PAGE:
• Canoe Tie down tip

    Hi guys,

    I've written up a brief article on how to install tie down loops on a car that does not have a convenient way of tying the ends of the canoe down. It is here

    http://ww2.trailcafe.com:8020/articl...wn_points.html

    I've also cut the text and thumb nails below, but if you go to the link above you will be able to then follow links to larger pictures. (I removed the links here, as I prefer the larger bandwidth pictures to be linked in from my page... This site is very popular and can over drive traffic on to mine...no really it's true)

    cheers,

    Myrl

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    Trail Cafe: Trip report - Adding canoe tie down points

    Summary:

    Title: Adding canoe tie down points
    Trip type: article
    Summary: A trick I used, for getting easy to access tie down points on my car, used when hauling a canoe or kayak.
    Author: M. Tanton
    The Trip Report:

    Well I bought a new car, which is good because now I will be able to get out more often. I bought a plain-Jane Pontiac G5, which I like well enough. However it is lacking a reasonable way to tie down the ends of a canoe/sea kayak to the car.

    So this is the trick that I used, which I thought may help others. This is something I learned from my friend Ross.

    What do is create a loop of webbing that is bolted to the car at the edge of the hood and trunk. Sounds easy enough and it is.

    First find some webbing, I sacrificed a strap and buckle system I had laying around. I cut four lengths 2 at around 6" and 2 around 8". The different lengths as the bolts I'm attaching them to the car with with are at different distances from to the edge of the car.

    After cutting the lengths use a lighter to melt the edges so they do not fray. Next I cut a 1/4" hole in each end of each strap. For cutting I used a utility knife (or box-cutter for our American friends). I cut small squares and pulled some of the loose fibers out. I did not try to pull all the fibers out, a quick hit with the lighter melts the frayed center bits, and prevents further fraying. While it is still hot run a pencil or some thing similar through to make a reasonable hole. (I used an arrow with a field point...) Then another quick hit with the lighter to clean it up a bit and it is a good enough result for me.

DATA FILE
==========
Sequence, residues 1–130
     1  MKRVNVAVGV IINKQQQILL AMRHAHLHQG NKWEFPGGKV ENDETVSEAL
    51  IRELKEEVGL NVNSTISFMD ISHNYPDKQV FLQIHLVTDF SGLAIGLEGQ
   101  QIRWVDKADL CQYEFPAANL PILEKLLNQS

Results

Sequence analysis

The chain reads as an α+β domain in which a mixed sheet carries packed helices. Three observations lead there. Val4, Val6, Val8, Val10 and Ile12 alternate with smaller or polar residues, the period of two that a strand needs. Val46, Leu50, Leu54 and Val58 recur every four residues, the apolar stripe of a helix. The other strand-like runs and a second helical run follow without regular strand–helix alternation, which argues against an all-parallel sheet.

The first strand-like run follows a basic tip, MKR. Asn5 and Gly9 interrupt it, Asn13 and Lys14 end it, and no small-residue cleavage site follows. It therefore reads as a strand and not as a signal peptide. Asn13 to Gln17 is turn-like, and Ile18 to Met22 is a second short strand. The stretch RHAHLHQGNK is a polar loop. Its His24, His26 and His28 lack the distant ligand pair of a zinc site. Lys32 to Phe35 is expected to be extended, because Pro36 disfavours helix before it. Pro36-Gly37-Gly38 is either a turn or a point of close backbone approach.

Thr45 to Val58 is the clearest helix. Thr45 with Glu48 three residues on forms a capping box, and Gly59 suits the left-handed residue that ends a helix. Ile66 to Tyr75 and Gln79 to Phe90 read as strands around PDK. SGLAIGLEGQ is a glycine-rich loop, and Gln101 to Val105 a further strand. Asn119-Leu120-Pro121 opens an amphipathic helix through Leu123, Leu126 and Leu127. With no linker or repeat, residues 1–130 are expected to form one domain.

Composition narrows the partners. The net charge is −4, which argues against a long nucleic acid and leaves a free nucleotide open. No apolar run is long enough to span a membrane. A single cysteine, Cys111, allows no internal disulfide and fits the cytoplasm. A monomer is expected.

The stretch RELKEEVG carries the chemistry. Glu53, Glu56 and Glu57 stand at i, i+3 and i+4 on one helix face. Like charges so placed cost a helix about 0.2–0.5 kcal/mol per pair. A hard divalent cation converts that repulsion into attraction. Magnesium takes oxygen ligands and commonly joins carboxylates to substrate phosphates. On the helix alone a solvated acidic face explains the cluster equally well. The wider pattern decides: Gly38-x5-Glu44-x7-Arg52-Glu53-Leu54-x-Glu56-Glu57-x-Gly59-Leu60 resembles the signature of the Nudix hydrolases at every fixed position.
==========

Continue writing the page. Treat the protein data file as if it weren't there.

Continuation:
Completed Straps ready to install on the car.


    close up of end

    After you make the straps comes the installation. This again is simple remove one of the body bolts just in side the hood, and run both ends of the strap through the bolt and reinstall the bolt. Do make sure the bolt is affixed to a strong point of the car and not some bit of plastic. You'll see in the picture that it looks like I'm on a plastic bit, but under that is steel.


    Mounting technique

    So you end up with a easy to use loop for tying your canoe down. No need to crawl under the car in the dirt to find a tie down point. Not a big deal on some cars, but more so on others like mine. The loops tuck nicely under the hood when not in use, so it does not make your car look like it is growing some kind of ears.


    The loop is in the deployed position.

    I've used this technique before on my old cavalier, but in that case it only worked on the hood. So your mileage may vary. I do wonder about wicking water down the bolt hole. Also after a few seasons I found they should be replaced as they do wear down a bit. Hope you find some use in it.

    Please take care to not Hurt yourself (cut, burn, or otherwise). Having said that I survived the building process, and I imagine you will too. Also be aware that If you use this trick, I am not responsible for any damage you may do to your car as a result. Depending on your car it may break your paint seal, may cause wear in rubbing the paint on the side of the hood or other damage. I wish I'd looked at the Caviler prior to giving it away, to see if this did occur.

    Also the loop may even snap and fail to hold the canoe. Use at your own risk, and ensure you canoe is tied over the center. It makes me sad that I have to say thinks like this... sigh.


    Content Copyright M. Tanton 2010, posted to www.songofthepaddle by the original author. Permission is granted to www.songoftehpaddle to use and modify this content in anyway they see fit.


    P.S. I debated on deleting the copyright thing, but chose not to... hope that does not come across as poor to our community, it's not meant to be arrogant or anything like that on my part. The reports on my site are generated via a script, and the copyright notice is generated automatically assigning the copyright to the name provided as the author... so I did not want a contradiction between my site and this one.
    This article was originally published in forum thread: Canoe Tie down tip started by Myrlin View original post